If Wirz had implicated Jefferson Davis for being responsible for the conditions at Andersonville, his sentence would have been commuted and he would walked away. He refused, “I would not become a traitor to him or anyone else to save my life.”

Wirz stoically marched to his death at the gallows:

“On the morning of November 10, 1865. Wirz was roused by guards in his cell at the Old Capitol Prison. “As they were leaving the room,” wrote a witness, “Witz turned to the mantel, and with as much nonchalance as if he had been in a bar-room, took up a bottle of whisky, and pouring out a liberal draught, drank it down with apparent relish. Then taking a chew of tobacco, he took his place in the procession.”

“He disappointed all those who expected to see him quiver at the brink of death …,” wrote a reporter for the New York Times, only one of a flock of correspondents scribbling away. “His step was steady, his demeanor calm, his tongue silent … He met his fate with unblanched eye, unmoving feature, and a calm, deliberate prayer for all those whom he has deemed his persecutors.”

13 percent of Confederate POWs died in Northern prison camps like Elmira amid a cornucopia of food. 11 percent of Union POWs died in Confederate prison camps like Andersonville while there were food riots in neighboring cities in the Lower Chattahoochee Valley.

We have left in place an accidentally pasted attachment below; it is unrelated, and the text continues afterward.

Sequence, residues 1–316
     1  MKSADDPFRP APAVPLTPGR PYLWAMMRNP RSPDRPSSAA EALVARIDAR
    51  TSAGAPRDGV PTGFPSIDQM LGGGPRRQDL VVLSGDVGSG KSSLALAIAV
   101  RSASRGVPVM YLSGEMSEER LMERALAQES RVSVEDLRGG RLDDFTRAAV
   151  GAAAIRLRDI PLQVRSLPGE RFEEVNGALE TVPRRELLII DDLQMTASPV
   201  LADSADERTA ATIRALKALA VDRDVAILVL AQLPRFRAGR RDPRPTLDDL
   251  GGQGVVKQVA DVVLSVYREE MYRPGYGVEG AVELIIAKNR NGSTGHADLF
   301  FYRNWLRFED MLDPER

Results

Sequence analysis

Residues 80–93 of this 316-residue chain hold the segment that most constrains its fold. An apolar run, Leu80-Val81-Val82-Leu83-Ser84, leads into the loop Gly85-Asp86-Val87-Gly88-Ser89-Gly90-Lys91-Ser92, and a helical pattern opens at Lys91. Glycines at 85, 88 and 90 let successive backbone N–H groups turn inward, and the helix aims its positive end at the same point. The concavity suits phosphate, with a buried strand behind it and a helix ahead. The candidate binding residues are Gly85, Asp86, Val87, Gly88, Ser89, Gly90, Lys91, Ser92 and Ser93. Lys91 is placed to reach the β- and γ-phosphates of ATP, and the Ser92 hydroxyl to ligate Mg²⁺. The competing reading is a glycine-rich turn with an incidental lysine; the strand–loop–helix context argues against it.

Ruffin’s Suicide

Edmund Ruffin, the fiery Virginia secessionist who fired the first cannon shot at Fort Sumter, committed suicide. Before he blew his brains out with that rifle, Ruffin left behind a letter for posterity:

“I here declare my unmitigated hatred to Yankee rule — to all political, social and business connection with the Yankees and to the Yankee race. Would that I could impress these sentiments, in their full force, on every living Southerner and bequeath them to every one yet to be born! May such sentiments be held universally in the outraged and down-trodden South, though in silence and stillness, until the now far-distant day shall arrive for just retribution for Yankee usurpation, oppression and atrocious outrages, and for deliverance and vengeance for the now ruined, subjugated and enslaved Southern States!